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In rebuff of mayor, Mosby delays vote to assess value of conduit system

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BALTIMORE -- City Council President Nick Mosby delayed a vote to assess the value of the city's conduit system until after Election Day, rebuffing Mayor Brandon Scott's desire to enlist a contractor to determine how it could be monetized.

In November, Baltimore voters will weigh in on Question E prohibiting the "sale, transfer, or franchising" of the system.

A $50,000 contract before the city's spending board Wednesday would have allowed a consultant, FMI Capital Investors, Inc., to determine "best and highest use for" the underground network of ducts.

Baltimore Gas & Electric accounts for about 76% of the wiring in the conduit as part of a state-authorized agreement giving the utility company "a perpetual right to be there," said Hilary Ruley of the Baltimore City Law Department. 

The city cannot raise the rate to use the conduit and ask BGE to pay it because the company is regulated by the Public Service Commission at the state level, and regulators also have to agree to the hike.

About 45 other companies also make use of the ducts, Ruley told the Board of Estimates. But the system is maintained by the Baltimore City Department of Transportation at a $7 million deficit.  

And many telecom companies are moving away from placing cables deep underground in favor of towers and other above-ground installations, Ruley said. Or they use "directional boring," putting cables just below the surface of the street, she added.  

Ruley testified negotiations with BGE on the rate fell apart in the summer. The utility company was willing to go to a rate above $2.20 per foot, but DOT said it needed closer to $3.30 per foot.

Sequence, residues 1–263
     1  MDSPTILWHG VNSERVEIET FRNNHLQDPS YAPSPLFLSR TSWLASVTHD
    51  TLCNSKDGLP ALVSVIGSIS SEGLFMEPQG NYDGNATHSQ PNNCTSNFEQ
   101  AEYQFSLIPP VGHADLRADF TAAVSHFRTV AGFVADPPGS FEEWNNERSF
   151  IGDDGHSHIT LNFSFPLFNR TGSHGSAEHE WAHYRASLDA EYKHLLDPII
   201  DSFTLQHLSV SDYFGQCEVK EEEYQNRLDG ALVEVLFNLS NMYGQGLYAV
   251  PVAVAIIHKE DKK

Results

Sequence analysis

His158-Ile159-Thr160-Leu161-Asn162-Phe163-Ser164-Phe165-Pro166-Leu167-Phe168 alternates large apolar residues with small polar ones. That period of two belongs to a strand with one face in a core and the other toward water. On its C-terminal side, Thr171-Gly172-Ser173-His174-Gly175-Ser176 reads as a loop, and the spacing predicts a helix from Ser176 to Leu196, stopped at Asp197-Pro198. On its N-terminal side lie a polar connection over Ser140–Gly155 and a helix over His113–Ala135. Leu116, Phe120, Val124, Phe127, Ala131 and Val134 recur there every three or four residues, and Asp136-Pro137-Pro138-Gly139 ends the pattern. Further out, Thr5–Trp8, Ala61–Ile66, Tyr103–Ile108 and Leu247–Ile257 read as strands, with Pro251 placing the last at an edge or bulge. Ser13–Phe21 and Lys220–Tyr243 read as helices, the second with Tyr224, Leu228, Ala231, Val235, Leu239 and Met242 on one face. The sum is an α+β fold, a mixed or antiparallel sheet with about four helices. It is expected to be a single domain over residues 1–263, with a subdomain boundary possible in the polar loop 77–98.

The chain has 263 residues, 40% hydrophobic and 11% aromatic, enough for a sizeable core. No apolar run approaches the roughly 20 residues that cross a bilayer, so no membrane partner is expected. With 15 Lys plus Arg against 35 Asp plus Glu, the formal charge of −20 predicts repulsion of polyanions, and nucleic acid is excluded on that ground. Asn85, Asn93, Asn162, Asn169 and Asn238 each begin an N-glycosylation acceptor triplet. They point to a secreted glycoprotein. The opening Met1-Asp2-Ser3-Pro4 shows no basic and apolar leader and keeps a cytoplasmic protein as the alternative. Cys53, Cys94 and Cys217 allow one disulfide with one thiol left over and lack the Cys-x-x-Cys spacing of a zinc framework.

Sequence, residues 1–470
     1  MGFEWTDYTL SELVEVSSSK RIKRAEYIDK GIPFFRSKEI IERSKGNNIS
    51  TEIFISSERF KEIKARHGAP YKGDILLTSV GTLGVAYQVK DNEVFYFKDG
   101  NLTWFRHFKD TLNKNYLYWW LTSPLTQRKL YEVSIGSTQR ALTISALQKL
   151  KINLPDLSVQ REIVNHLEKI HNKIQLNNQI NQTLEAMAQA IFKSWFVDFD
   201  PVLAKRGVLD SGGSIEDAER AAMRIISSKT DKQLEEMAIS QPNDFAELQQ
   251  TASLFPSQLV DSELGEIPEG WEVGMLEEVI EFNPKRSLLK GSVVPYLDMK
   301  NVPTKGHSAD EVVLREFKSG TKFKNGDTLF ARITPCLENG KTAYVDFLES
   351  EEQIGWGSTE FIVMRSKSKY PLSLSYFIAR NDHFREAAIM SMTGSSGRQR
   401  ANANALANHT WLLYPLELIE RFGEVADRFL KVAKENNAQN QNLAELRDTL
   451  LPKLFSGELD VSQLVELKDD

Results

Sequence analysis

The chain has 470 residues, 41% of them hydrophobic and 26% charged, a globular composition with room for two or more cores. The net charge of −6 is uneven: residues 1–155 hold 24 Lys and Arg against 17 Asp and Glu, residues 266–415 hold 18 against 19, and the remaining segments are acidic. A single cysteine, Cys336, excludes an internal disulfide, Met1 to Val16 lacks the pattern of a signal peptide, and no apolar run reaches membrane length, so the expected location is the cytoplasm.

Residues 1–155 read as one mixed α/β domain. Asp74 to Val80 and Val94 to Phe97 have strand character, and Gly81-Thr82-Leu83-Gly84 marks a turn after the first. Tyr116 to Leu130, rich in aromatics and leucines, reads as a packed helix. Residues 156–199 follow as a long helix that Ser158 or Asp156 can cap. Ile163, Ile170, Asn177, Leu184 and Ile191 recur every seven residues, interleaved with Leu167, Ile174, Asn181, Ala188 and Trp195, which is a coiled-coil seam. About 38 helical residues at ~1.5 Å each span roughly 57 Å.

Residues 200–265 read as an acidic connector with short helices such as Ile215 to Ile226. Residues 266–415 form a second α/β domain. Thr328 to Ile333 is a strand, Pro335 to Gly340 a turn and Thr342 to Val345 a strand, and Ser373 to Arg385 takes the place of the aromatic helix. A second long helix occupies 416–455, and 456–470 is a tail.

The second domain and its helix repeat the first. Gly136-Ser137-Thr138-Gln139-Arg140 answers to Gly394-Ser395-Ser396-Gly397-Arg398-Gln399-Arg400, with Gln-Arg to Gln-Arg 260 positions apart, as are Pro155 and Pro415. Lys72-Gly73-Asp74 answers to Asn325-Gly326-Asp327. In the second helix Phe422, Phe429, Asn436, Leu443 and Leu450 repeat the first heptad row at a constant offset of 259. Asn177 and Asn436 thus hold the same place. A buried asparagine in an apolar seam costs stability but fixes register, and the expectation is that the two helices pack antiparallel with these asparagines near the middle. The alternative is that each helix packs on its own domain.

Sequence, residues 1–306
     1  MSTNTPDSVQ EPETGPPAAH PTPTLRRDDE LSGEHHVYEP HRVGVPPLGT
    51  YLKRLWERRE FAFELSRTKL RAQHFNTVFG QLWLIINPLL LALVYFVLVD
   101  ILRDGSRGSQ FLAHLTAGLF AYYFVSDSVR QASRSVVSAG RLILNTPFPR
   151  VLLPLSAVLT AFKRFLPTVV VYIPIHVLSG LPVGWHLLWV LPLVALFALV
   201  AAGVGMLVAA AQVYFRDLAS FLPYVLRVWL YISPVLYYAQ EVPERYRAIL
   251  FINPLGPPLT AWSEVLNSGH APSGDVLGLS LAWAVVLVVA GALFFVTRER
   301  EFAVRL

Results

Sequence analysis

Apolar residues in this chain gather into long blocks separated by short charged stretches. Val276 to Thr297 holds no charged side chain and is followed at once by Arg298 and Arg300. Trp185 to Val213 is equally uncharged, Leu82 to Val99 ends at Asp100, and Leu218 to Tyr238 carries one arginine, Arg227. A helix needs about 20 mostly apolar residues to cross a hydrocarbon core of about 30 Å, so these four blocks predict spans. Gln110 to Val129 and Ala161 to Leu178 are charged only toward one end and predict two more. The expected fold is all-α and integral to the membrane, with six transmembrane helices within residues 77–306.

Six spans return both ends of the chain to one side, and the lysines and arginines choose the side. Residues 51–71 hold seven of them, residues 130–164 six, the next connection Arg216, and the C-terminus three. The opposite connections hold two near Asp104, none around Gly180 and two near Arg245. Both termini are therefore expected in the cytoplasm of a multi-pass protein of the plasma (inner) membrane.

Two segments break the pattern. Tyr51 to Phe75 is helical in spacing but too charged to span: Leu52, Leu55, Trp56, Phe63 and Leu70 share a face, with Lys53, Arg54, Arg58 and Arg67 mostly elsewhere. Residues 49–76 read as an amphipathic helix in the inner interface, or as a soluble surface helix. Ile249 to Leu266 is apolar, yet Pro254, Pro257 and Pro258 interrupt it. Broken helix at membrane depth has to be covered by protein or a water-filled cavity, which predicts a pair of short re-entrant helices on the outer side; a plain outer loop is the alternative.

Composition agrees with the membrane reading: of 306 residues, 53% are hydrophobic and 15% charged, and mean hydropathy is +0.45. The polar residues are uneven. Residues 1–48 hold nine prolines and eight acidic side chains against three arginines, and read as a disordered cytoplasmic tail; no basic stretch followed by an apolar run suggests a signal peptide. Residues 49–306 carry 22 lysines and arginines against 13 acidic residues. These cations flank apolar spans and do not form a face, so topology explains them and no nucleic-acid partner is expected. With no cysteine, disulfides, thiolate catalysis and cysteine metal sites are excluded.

At that point, DOT approached the mayor and City Administrator Christopher Shorter to say the agency is not getting enough money from the conduit system.

Under the terms of the contract, the city would have paid a flat fee to FMI Capital Investors to assess the potential value of the network, and the consultant would have received a percentage of any sale it helped facilitate, Ruley said.

"That operates, really, as an incentive to make sure that this consultant is really bringing us the best that the market has to offer for you to consider," Ruley told the board. "We're not just paying an inflated hourly rate."

Mosby raised issues with that arrangement.

"I just have a huge concern, because there's really only one thing that they're incentivized to do, and that's to tell us to sell it for as much money that they think we can get out of it," he said. 

Former Mayor Bernard C. "Jack" Young protested the contract. In 2020, Young signed a bill putting the charter amendment prohibiting the sale or franchising of the conduit system on the ballot. Scott was one of the bill's sponsors.

Young questioned the timing of the contract appearing before the board just before the election, calling it "problematic."

"I think the citizens have a right to vote up or down, the charter amendment, and if the citizens say 'No,' you go ahead and sell it," he said. "But my question is, 'Who's interested in buying it?' That's the real question. It must be worth something."

Scott's office released a statement about the protest just after the start of the Board of Estimates meeting.

"The Scott Administration understands the significance of the conduit system," the mayor said. "However, the maintenance costs of the conduit significantly outweigh any income derived from the system. We are requesting approval to work with an advisor to properly assess the true value of the conduit and evaluate viable options that best serve the City."

But following the testimony from Young, Mosby said he still had reservations and wanted additional feedback from the City Solicitor's office.

He then deferred the item until Nov. 16, eight days after the general election.

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